There's a new idea in occupational health: this idea is psychological health and safety. Psychological health and safety is about safeguarding the psychological health of employees.
Psychological health comprises our ability to think, feel and behave in a manner that enables us to perform effectively in our work environments, our personal lives, and in society at large. Psychological safety is different - it deals with the risk of injury to psychological well-being that an employee might experience. Improving the psychological safety of a work setting involves taking precautions to avert injury or danger to employee psychological health.
It is important to note that psychological health problems occur on a spectrum, from mild psychological difficulties on one end to severe psychological disorders on the other. The most common psychological health problems in the workplace are anxiety and depression. These conditions account for a large proportion of the negative impacts on employees and employers.
Needs, Rights and Guarding Minds at Work
Guarding Minds at Work is based on the premise that there are a finite number of psychosocial workplace factors that influence mental or psychological health in either a positive or a negative direction.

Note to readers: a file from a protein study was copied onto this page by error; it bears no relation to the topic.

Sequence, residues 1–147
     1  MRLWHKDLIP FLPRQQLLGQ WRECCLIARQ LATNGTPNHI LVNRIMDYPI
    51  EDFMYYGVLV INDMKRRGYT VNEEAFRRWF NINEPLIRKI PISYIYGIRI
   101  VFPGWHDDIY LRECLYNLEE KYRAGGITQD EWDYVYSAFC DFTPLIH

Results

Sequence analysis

The essence of Guarding Minds at Work as a strategy is to identify not only those factors that are acting as supports for mental health but also those that present risks to mental health with the goal of strengthening the former and abating the latter.
Otherwise stated, Guarding Minds at Work is a method for addressing and supporting certain basic human needs at work so that their lack of fulfilment does not end up presenting risks to mental health.
Not all needs fall into this protected category, however. Only those needs that can reasonably be addressed in the workplace are relevant here. These basic needs can also be represented as rights that are protected in one way or another by the Canadian Charter of Rights and Freedoms and by other provincial and federal legislation.
Stated in this manner, the workplace can be seen to have a crucial role in at least protecting, and possibly promoting:
- Dignity and respect for the person (serving basic needs for the sense of self-worth and self-esteem)
- Security, integrity and autonomy of the person (serving the need to feel safe both physically and psychologically)
- Organizational justice (serving the need to feel that one belongs to a community in which there is respect for due process and fair procedures)
To one degree or another, the psychosocial factors described in Guarding Minds at Work all revolve around the protection and promotion of these three major clusters of needs and rights.